Tutoring seems to be in Alan Sheptin’s DNA. The founder of Sheptin Tutoring Group knew back in high school where his vocational path was likely leading him.
“My foray into tutoring started in high school, similar to where our students are now,” he said. “My mom, a retired teacher, was tutoring a third-grader, who needed remediation in reading. Her twin sister, who had to tag along, was jealous because she didn’t have her own tutor. So, my mom suggested that she work on math with me. Math has always been my forte.”
Sheptin recalled that the young girl was an average student, but they worked together diligently every week.
“Much to everyone’s surprise, my student scored five years above her grade level on the New York City standardized math exam at the end of the year!” he said. “I felt such a sense of accomplishment, for myself and for her. This feeling of pride planted the seed for my love of tutoring.”
While he was in college, Sheptin said he realized he might be onto something with the tutoring idea.
“As a senior and a resident advisor in an all-freshman dorm at the University of Pennsylvania, I saw that many students were struggling with Calculus,” he said. “One of my floormates came to me in despair, so I sat with her, helping to clarify her issues on several occasions. She went on to do amazingly well on her math test. It was not long before the word got out about my help and suddenly, I had a tutoring business running out of my dorm room!”
Sheptin earned a BS in math from UPenn and an MBA in finance from Fordham University. After college, like many of his peers, Sheptin entered the corporate world, power tie and all.
“I liked it, but something seemed to be amiss,” he recalled.
He applied to teach at Kaplan, which, at the time, he says, was the epitome of test prep.
“Working weekends and evenings for seven years taught me the ins and outs of the SAT, GRE, and GMAT,” he explained. “I even earned recognition as a top tutor. I enjoyed this so much more than my corporate job. Just like my college experience, word started to get around to my neighbors that I had a knack for explaining complex math concepts to students and I began getting a lot of business in my local area. I was much happier in my moonlighting gigs than in my corporate role and I knew it was time to make a change.”
He formed the Sheptin Tutoring Group in 2007 to offer test prep, academic support and expert advice on “all things high school.”
“In the past 12 years, my team has grown to 35 tutors,” he said. “We offer private tutoring, group classes and courses for the SAT, ACT, AP exams and Regents reviews. Sheptin Tutoring Group has a deep bench of talent, probably unparalleled in this region.”
And Sheptin Tutoring Group has continued to grow.
“As I met with more and more students, I became increasingly interested in college admissions,” he said. “I enrolled in UCLA’s certificate program in Independent Education Consulting, graduating in 2012 with Highest Honors. I have visited more than 130 universities both in the U.S. and Europe and have been a participant in two British Council tours of UK universities. On my own, I also visited universities in Russia, Sweden, Scotland, and Portugal. And this past month, I earned the top certification as an Independent Educational Consultant, Certified Educational Planner.”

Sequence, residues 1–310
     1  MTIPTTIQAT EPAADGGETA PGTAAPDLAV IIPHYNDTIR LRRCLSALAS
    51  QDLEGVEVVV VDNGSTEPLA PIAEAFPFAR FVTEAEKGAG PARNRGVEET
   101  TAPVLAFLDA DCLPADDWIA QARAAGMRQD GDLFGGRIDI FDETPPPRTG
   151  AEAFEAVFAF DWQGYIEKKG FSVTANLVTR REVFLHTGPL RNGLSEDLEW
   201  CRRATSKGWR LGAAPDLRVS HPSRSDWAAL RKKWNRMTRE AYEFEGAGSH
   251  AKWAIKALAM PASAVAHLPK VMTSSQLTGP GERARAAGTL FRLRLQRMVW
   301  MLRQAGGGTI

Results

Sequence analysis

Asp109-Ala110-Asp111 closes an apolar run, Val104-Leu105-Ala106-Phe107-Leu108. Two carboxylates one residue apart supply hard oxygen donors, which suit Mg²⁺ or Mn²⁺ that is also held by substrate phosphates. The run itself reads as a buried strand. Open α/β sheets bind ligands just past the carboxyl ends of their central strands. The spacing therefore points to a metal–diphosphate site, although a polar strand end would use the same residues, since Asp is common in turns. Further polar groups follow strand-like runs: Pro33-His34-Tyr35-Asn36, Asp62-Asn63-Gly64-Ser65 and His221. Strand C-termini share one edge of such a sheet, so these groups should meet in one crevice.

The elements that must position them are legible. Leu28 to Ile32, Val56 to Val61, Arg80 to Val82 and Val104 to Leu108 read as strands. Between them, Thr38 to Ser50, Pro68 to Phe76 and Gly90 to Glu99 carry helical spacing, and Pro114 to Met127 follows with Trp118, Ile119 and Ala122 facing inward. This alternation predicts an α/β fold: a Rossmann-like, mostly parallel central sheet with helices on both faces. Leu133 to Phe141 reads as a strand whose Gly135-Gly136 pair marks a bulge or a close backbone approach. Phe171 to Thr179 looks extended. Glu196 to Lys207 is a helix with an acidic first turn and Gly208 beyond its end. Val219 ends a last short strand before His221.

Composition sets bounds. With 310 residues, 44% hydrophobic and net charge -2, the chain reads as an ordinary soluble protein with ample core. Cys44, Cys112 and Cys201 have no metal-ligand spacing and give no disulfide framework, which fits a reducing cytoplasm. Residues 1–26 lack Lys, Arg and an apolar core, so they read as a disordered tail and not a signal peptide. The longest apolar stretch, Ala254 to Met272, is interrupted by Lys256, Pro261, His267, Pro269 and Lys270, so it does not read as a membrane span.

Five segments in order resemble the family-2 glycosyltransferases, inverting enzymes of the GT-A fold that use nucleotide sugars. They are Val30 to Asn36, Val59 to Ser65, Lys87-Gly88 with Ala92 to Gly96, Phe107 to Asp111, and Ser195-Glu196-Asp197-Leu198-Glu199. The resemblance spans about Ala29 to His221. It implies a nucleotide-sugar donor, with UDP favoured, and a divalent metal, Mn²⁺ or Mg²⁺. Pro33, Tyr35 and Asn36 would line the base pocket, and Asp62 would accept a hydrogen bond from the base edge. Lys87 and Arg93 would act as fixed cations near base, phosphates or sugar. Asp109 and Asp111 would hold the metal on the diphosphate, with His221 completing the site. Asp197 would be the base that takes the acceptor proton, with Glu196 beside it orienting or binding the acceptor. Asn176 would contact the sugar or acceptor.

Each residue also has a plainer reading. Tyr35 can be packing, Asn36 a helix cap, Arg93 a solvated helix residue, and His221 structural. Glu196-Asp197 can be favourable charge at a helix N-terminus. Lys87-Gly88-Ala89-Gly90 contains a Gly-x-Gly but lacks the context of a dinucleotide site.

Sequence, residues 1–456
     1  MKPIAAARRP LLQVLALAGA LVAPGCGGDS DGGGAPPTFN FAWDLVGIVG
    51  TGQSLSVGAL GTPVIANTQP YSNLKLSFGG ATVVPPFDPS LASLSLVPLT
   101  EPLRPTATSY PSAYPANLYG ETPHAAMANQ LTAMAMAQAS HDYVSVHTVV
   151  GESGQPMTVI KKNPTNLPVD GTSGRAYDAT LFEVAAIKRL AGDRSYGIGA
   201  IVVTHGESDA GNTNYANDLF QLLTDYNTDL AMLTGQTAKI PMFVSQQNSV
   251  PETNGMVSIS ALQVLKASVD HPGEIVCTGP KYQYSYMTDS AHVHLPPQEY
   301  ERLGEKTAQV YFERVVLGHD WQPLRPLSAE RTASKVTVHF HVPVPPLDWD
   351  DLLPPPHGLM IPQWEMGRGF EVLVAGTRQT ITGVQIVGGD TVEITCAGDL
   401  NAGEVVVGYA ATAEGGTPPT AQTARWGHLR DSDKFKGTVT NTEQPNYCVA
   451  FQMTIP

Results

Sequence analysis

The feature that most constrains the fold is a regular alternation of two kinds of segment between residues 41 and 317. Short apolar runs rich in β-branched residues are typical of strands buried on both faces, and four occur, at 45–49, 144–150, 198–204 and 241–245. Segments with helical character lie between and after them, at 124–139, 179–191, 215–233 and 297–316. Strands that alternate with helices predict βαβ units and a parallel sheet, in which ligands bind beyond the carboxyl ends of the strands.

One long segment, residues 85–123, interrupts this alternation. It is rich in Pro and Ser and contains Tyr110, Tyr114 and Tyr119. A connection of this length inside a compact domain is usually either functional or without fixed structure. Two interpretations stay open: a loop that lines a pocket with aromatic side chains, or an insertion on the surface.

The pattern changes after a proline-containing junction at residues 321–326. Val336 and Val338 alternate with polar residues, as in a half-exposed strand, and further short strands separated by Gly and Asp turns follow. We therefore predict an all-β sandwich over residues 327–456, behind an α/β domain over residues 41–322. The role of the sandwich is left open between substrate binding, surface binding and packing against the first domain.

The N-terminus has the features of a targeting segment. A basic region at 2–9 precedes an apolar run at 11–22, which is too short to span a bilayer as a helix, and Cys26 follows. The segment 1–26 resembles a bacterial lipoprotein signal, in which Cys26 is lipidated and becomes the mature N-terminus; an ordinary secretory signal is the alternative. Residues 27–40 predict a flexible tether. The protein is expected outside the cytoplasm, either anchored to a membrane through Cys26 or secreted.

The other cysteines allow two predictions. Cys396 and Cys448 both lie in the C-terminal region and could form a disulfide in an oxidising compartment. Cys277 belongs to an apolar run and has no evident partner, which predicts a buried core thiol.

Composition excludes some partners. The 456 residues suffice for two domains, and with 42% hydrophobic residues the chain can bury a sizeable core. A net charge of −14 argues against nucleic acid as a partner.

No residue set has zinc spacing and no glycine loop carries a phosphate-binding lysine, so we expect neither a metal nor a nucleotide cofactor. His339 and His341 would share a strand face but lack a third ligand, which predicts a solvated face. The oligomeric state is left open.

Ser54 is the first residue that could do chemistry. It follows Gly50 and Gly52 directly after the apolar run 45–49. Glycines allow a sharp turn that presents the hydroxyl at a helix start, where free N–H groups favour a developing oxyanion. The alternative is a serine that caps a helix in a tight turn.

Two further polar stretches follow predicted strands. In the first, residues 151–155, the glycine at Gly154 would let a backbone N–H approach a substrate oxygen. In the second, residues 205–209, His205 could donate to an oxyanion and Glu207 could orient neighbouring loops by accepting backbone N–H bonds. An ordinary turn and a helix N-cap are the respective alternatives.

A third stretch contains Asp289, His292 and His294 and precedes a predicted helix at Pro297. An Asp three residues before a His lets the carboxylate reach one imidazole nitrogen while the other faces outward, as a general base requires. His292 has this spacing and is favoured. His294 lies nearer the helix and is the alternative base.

“My company has partnered with other organizations in the U.S. and abroad to bring our peerless, results-oriented courses to students outside of Westchester County,” he continued. “Our goal is to continue to grow within the United States and abroad, either through organic growth or partnerships.”
Sheptin said his tutoring group offers help on every AP subject, test prep for middle and high school students, as well as graduate work.
“If we don’t offer it, we have a nationwide network we can refer the student to,” he notes.
Because of the coronavirus outbreak, the SAT has been canceled through June. But as of this writing, ACTs are still slated for June and later. Sheptin urges students to keep working and not slow down.
“I think what some students are doing is they stop doing the work and think they will just pick it up at some point,” he said. “That’s not a good idea. Students will backpedal. Remember, slow and steady wins the race.”
Sheptin said he can be flexible with respect to tutoring. The most important thing is to keep engaged with the material.
“For AP exams we have moved online with an open book and open notes design,” he said. “That can be a blessing and a curse because they rely on their notes and sometimes, they can’t find what they need in time to finish.”
During the crisis, Alan Sheptin Tutoring Group will continue to operate his AP review courses, but with six one-hour sessions instead of three two-hour sessions, with each session a different topic.
“Teachers will work with students to develop a concise review sheet they can use for the AP exam so they can get through it more easily,” he said. “Everything is transitioning, and it’s been seamless. Many of us have worked in virtual tutoring and are completely comfortable with it. Students are adaptable. They are embracing the new reality as much as we are.”